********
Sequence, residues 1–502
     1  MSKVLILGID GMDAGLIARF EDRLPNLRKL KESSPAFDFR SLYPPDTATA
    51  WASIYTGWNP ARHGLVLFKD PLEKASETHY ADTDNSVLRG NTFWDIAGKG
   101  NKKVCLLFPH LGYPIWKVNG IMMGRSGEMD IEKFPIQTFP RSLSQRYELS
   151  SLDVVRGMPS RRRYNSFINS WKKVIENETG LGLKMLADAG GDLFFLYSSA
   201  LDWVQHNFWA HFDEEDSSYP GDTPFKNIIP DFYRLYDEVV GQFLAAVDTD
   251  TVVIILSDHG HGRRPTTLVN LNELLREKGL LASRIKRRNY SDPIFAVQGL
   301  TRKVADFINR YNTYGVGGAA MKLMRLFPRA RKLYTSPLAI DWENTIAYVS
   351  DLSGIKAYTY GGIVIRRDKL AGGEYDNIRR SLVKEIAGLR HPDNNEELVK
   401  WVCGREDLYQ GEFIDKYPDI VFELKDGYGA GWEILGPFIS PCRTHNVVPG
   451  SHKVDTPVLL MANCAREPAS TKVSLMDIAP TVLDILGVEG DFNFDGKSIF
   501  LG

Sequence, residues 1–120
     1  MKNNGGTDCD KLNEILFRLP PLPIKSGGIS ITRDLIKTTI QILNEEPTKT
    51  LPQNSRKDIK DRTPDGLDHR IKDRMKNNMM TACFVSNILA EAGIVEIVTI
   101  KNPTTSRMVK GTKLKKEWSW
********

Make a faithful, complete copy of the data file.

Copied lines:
Sequence, residues 1–502
     1  MSKVLILGID GMDAGLIARF EDRLPNLRKL KESSPAFDFR SLYPPDTATA
    51  WASIYTGWNP ARHGLVLFKD PLEKASETHY ADTDNSVLRG NTFWDIAGKG
   101  NKKVCLLFPH LGYPIWKVNG IMMGRSGEMD IEKFPIQTFP RSLSQRYELS
   151  SLDVVRGMPS RRRYNSFINS WKKVIENETG LGLKMLADAG GDLFFLYSSA
   201  LDWVQHNFWA HFDEEDSSYP GDTPFKNIIP DFYRLYDEVV GQFLAAVDTD
   251  TVVIILSDHG HGRRPTTLVN LNELLREKGL LASRIKRRNY SDPIFAVQGL
   301  TRKVADFINR YNTYGVGGAA MKLMRLFPRA RKLYTSPLAI DWENTIAYVS
   351  DLSGIKAYTY GGIVIRRDKL AGGEYDNIRR SLVKEIAGLR HPDNNEELVK
   401  WVCGREDLYQ GEFIDKYPDI VFELKDGYGA GWEILGPFIS PCRTHNVVPG
   451  SHKVDTPVLL MANCAREPAS TKVSLMDIAP TVLDILGVEG DFNFDGKSIF
   501  LG

Sequence, residues 1–120
     1  MKNNGGTDCD KLNEILFRLP PLPIKSGGIS ITRDLIKTTI QILNEEPTKT
    51  LPQNSRKDIK DRTPDGLDHR IKDRMKNNMM TACFVSNILA EAGIVEIVTI
   101  KNPTTSRMVK GTKLKKEWSW